Paint removal is not an exact science given the wide range of paints available or the number of coats that have been applied. As such it will be difficult to state which product from the Scheidel range will yield the best results and as such we advocate sample trials to determine the most economical outcome and the following is a brief synopsis advising how we carry out such trials.
Our experience to date working with Scheidel products here in the UK to remove masonry and other synthetic paints has determined the two most effective products are the Asur and SG94. Both products are CHC-free (chlorinated hydrocarbon) and work on the basis of slowly exhaling esters and other special solvents that break down the paints binders. These two products are very different in terms of their composition, performance characteristics and price, and exactly which one or how much product will be required are almost impossible to predict and the best way of establishing a clearer indication to those two points would be to carry out in-situ trials as a control measure using as many sample areas as practically possible.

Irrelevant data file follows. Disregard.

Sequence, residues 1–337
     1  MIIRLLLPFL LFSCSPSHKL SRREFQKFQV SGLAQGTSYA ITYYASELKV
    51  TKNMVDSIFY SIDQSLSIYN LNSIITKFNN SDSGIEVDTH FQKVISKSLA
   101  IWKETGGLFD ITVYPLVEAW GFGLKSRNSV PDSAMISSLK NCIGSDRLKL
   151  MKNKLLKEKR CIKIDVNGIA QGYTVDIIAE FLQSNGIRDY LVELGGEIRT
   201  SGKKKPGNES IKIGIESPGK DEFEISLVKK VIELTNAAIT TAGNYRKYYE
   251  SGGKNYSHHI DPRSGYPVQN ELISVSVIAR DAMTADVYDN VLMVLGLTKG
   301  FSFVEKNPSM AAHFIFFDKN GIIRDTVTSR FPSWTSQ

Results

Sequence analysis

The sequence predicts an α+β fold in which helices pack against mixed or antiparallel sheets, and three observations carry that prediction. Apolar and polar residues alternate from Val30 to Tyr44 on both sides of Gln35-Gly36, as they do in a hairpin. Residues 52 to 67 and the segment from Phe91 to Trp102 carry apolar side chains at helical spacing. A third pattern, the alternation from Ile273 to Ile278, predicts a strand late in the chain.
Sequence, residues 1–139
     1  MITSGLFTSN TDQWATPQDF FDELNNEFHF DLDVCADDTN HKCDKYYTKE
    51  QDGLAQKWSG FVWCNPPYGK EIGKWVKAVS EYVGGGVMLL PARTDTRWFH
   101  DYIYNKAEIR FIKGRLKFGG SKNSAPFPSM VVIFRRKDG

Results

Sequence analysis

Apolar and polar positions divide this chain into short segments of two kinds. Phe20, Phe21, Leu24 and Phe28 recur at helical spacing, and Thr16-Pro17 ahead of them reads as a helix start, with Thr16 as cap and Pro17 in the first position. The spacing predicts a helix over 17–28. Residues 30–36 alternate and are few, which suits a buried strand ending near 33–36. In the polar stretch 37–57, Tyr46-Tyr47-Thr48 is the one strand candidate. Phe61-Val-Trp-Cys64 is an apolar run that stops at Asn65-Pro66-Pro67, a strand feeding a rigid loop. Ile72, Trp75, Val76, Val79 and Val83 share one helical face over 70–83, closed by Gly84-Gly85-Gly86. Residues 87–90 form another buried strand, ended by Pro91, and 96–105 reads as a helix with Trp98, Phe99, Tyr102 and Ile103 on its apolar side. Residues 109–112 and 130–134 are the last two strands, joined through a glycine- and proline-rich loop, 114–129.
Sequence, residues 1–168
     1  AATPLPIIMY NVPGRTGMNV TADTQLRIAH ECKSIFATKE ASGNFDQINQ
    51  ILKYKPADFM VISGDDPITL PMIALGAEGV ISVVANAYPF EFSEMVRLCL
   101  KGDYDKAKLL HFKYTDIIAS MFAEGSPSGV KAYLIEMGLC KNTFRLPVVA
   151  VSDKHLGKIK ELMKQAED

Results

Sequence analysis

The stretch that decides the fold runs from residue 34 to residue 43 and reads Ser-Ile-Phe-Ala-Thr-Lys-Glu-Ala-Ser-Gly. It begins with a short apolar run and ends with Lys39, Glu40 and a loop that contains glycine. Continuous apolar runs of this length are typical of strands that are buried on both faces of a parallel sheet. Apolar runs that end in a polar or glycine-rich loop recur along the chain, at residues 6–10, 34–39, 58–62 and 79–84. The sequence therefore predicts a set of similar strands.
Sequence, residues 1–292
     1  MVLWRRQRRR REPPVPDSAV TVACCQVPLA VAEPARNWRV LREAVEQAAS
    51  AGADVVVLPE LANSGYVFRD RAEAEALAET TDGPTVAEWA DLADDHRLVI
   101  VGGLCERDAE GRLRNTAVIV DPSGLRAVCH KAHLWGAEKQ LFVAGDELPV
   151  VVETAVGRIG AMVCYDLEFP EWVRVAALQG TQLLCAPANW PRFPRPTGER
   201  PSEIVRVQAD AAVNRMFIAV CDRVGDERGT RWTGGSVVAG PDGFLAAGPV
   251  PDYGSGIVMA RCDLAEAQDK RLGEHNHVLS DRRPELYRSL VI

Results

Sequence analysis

Removal of the Existing Paint
For any such sample trials we advise that an area equal or greater than a sheet of A4 paper is identified and marked out. Using a trowel apply at least 3 mm of paint remover at one end and let it run out to nothing at the other end. Cover half the control area with film (e.g. Pallet wrap, cling film etc) note date, time and temperature and check the test area at different intervals to determine the optimum application time and the products open time. If the product does not deliver the desired result, further test applications will be necessary to establish the likely number of applications. The removal of the dissolved coatings should always be done at the optimal dissolving point. The longer the treated coatings remain on the substrate, the more difficult it will be to wash them off. The removal of the paint (for the trials) will be best served by simply scraping the paint off with a flat bladed scraper/knife. If you are working externally and also looking to remove biological materials or staining, D/2 Biological Solution is a good option to consider for removing mould, algae or pollutant staining.